Parents and community members from Prince George’s County, Montgomery County, Anne Arundel County and Baltimore City have formed a coalition against the construction of cell phone towers on public school grounds. The coalition, known as the Maryland Coalition Against Cell Towers on School Grounds, is the latest development in a growing movement against placing […]
Parents and community members from Prince George’s County, Montgomery County, Anne Arundel County and Baltimore City have formed a coalition against the construction of cell phone towers on public school grounds.
The coalition, known as the Maryland Coalition Against Cell Towers on School Grounds, is the latest development in a growing movement against placing cell phone towers on Prince George’s County Public Schools properties. Unlike Montgomery County, Anne Arundel County and Baltimore City, no cell phone towers have been built yet on public schools in the county.
Local organizers said they hope the coalition will help keep towers off the properties.
“We are trying to galvanize community support and convince the school board that we are not happy about this,” said Charlene Bearisto, a Bowie resident and parent of a Bowie High School student.
Bowie is one of 73 potential school sites that the developer, Milestone Communications, is looking to place is looking to place a tower, according to a 2011 leasing agreement between the Prince George’s County Board of Education and Milestone Communications, the cell phone tower provider. Nothing has been built yet, but building permits for cell phone towers at several schools have been submitted for review.
The coalition has a total of 22 organizations, including the NAACP chapters of Prince George’s County, Montgomery County and Anne Arundel County.
“This is the first time community groups have crossed county lines to work on issues,” said Bob Ross, president of the Prince George’s County chapter of the NAACP. “I’m really excited about that. We partnered up with organizations against cell phone towers to get an understanding of the issue. After that, we are weighing our options. Our team is on a halt until we collect all of the data.”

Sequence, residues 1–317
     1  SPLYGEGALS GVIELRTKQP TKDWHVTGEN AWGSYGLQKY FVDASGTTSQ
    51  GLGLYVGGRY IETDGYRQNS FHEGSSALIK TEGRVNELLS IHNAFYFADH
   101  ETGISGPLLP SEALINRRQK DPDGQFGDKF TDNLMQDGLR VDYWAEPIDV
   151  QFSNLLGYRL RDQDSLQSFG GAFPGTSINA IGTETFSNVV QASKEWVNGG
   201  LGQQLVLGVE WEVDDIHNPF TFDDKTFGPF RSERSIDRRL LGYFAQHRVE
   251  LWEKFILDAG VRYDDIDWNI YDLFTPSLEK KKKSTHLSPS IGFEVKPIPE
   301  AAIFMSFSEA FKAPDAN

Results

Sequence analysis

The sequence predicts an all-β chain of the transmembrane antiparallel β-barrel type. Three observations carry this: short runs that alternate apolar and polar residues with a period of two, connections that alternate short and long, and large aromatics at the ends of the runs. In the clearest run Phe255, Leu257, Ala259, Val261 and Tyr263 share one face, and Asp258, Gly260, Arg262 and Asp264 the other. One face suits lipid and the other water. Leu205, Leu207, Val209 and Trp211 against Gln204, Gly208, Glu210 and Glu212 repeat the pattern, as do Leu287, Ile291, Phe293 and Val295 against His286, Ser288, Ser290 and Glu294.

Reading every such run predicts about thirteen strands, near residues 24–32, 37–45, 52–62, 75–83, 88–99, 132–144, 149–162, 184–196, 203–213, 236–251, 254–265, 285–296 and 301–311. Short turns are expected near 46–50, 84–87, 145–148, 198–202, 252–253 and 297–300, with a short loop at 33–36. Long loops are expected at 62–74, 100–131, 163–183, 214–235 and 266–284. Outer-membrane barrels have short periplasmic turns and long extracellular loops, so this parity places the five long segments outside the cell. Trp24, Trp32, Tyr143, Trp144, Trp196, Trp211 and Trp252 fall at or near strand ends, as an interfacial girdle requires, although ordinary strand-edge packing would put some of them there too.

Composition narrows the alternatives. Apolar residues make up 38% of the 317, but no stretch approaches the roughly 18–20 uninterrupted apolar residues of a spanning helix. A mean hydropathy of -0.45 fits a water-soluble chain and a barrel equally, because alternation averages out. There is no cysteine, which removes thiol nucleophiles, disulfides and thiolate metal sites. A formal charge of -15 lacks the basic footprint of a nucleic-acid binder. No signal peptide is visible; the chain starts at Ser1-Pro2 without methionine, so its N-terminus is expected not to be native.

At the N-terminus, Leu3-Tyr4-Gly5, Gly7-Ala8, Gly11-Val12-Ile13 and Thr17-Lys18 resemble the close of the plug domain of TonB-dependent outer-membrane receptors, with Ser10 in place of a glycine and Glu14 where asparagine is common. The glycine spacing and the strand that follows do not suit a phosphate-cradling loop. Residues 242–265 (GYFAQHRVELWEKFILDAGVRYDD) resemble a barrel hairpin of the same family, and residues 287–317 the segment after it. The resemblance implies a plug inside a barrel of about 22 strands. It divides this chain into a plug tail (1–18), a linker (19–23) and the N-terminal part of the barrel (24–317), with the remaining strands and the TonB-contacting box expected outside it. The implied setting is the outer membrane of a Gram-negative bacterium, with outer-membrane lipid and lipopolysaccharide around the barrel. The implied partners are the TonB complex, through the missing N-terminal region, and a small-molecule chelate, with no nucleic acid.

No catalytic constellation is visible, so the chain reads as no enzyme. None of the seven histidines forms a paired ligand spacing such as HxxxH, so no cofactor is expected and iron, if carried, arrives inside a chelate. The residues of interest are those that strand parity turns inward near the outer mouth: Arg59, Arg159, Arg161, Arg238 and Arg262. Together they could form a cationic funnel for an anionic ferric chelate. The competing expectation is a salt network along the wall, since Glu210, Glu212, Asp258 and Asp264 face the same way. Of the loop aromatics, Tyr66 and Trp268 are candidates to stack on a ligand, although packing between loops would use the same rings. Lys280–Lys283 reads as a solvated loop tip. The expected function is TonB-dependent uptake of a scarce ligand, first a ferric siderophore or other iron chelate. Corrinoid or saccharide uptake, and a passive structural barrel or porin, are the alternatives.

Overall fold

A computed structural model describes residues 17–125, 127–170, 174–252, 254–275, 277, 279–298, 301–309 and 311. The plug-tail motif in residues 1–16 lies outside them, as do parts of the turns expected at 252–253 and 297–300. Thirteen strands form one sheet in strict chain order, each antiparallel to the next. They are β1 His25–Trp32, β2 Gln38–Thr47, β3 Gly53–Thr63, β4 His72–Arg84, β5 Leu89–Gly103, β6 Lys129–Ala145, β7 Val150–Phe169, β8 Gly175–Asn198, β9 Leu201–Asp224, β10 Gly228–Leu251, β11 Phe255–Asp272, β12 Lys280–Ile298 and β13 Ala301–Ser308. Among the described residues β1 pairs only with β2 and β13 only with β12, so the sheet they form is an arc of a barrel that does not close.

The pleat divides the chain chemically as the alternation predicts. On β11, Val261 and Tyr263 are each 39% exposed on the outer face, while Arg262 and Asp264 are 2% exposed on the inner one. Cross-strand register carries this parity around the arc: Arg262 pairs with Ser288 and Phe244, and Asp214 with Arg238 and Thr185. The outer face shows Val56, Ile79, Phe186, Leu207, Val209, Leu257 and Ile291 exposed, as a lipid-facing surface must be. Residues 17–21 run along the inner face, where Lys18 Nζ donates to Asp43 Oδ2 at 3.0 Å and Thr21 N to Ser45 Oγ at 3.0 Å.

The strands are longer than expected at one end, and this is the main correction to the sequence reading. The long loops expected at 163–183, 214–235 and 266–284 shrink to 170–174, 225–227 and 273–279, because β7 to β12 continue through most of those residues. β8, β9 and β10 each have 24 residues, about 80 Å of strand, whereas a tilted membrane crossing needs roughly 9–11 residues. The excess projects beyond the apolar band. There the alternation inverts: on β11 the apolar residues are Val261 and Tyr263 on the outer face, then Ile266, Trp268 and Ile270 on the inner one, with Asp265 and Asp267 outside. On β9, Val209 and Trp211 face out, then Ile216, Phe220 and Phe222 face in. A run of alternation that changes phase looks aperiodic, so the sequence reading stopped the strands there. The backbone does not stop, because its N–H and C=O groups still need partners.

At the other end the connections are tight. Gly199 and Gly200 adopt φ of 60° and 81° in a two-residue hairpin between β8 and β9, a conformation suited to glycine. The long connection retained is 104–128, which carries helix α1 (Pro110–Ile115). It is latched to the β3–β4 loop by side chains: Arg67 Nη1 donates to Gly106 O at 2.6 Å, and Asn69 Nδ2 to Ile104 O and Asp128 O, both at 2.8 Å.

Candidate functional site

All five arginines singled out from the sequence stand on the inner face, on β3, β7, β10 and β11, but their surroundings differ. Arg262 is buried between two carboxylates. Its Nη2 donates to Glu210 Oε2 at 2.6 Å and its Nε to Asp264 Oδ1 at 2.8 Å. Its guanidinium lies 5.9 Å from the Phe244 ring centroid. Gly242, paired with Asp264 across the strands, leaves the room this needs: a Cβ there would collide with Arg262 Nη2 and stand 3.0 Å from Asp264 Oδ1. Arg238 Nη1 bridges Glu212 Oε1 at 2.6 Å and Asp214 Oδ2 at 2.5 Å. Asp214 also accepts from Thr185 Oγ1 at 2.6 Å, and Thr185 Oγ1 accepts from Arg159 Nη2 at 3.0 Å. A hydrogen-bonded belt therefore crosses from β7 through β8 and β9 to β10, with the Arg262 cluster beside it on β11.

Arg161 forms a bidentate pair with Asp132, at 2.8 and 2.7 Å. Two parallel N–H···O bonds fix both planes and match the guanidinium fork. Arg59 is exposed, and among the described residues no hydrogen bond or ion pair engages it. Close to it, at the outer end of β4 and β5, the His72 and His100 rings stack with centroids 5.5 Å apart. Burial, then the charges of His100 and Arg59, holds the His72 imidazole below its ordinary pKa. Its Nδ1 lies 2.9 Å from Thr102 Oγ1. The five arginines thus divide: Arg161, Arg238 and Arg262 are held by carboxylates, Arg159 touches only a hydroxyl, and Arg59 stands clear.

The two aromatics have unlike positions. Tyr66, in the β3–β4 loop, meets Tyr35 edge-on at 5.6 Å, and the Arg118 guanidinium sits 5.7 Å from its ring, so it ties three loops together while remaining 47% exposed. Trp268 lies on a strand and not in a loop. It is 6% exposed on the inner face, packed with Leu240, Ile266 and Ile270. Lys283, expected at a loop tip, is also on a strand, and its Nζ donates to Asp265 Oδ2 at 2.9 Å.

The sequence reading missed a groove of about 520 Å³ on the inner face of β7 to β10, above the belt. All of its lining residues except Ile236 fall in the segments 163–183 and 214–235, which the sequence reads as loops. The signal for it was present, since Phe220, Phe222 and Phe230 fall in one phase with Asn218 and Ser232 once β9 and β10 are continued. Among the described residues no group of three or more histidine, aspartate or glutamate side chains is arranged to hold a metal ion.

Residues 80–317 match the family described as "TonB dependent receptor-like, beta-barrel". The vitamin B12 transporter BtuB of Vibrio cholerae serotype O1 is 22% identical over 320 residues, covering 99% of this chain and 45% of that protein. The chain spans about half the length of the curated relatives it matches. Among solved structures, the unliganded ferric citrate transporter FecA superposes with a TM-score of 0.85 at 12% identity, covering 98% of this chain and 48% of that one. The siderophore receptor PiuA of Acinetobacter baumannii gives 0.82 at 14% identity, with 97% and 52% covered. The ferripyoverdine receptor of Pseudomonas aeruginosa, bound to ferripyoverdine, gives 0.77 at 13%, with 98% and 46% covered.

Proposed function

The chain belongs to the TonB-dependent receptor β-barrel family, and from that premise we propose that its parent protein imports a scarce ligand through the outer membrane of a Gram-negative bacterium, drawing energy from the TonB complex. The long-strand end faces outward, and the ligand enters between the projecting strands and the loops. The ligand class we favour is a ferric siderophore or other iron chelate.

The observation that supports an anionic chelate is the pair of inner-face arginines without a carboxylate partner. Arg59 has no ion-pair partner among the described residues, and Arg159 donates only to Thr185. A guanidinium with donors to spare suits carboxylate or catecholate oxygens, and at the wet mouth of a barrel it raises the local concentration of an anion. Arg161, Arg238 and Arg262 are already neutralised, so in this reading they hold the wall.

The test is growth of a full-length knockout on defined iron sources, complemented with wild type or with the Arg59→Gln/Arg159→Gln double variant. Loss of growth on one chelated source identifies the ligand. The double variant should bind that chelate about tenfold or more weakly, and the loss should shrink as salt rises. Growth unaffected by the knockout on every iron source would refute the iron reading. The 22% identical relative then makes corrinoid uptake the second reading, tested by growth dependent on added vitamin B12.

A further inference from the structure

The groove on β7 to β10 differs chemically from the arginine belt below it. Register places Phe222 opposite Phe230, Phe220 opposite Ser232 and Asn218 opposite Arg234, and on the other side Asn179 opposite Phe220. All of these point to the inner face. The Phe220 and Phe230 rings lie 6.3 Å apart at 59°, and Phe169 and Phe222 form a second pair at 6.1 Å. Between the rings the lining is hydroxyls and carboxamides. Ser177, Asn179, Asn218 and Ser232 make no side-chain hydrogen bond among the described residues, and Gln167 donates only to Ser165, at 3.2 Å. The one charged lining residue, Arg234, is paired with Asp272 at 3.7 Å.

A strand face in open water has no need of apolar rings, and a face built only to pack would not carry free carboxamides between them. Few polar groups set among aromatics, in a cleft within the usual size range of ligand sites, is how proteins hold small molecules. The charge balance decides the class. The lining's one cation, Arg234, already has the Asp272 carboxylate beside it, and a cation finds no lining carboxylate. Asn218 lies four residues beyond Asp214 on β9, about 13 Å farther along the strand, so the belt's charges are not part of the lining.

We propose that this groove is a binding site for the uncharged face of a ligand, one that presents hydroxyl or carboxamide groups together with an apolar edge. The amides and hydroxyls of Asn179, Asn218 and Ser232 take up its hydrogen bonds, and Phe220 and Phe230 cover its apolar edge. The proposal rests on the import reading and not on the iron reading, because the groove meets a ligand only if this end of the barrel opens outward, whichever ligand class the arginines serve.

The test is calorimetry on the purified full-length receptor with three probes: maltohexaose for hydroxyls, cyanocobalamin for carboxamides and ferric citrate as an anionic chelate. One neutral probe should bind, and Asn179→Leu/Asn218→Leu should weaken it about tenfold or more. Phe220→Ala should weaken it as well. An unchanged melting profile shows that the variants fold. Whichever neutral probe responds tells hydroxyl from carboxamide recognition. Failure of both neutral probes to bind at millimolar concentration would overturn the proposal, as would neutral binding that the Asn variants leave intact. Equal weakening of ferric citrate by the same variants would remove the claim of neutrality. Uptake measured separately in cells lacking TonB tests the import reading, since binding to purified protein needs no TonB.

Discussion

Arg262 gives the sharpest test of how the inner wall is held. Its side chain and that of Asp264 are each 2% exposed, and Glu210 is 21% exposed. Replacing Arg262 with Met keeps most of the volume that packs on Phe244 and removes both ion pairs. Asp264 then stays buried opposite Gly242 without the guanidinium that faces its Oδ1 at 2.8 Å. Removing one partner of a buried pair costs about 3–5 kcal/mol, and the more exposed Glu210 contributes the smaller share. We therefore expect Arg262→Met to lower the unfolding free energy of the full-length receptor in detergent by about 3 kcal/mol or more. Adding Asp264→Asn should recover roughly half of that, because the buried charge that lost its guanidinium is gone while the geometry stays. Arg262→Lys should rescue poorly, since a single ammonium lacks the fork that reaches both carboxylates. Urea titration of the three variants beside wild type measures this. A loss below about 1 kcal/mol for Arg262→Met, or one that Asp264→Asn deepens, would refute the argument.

The coalition’s organizers said they oppose the towers mainly because of health concerns and lack of transparency about the projects from local school boards.
“The Board didn’t get a good deal and parents were not informed,” Bearisto said. “Taxpayers are paying taxes for education, not for radiation.”
According to the leasing agreement, Milestone will pay the school district an initial $25,000 for each tower and 40 percent of revenue generated from the towers. The money will go towards a general fund, not to specific schools hosting the tower.
Coalition organizers said they are worried about children developing cancer as a result of exposure to radio emissions from the towers.
In a previous Sentinel report, Max Pugh, spokesman for PGCPS said according to the Federal Communications Commission, cell phone towers have not been proven to be a health hazard to nearby residents or students. According to the FCC, the strength of radio frequency emissions decreases as it travels from the top of the antenna to the ground.
“Should the FCC change this position, the Board can revisit this issue at that time,” Pugh said.
Earlier this month, residents and parents, as well as Ross, vocalized their opposition at a Board of Education meeting. More than 1,000 people have signed an online petition sponsored by Safe Schools, a Prince George’s County-based organization against cell towers on school grounds. Most recently, coalition members have spoken at PTSA meetings in the county.
“I find the more people we can get to come on board, the more we can protect ourselves, as well as our kids,” said Perc’ie Rutherford of Upper Marlboro. Rutherford worked to prevent a cell phone tower from going up in his neighborhood in 2008.
“I fought the cell phone tower and I won,” said Rutherford, who collected signatures for a petition and reached out to local politicians. “I want the same for them.”
Coalition members from Montgomery County and Anne Arundel County have had similar success experiences as Rutherford.
Jessica O’Kane, of Odenton, is part of Anne Arundel County Against Cell Towers at Schools (AACoACTS). Like Prince George’s County, Milestone looking to put towers on school properties in Anne Arundel County. In January, she and other members successfully stopped the construction of a cell tower at Piney Orchard Elementary School. Milestone wrote a letter saying the Piney Orchard Elementary school site would not work out, O’Kane said.
“It’s very stressful to fight these fights,” O’Kane said. “We would have moved.”
Janis Sartucci, a Montgomery County resident, led the Parents’ Coalition of Montgomery County’s efforts to prevent cell phone towers from being built on six school sites in Montgomery County.
In all three counties, the fight against cell phone towers on public school grounds is far from over because each cell phone tower application is reviewed individually.
“Time will show that we were on the right side of the issue,” said Bearisto.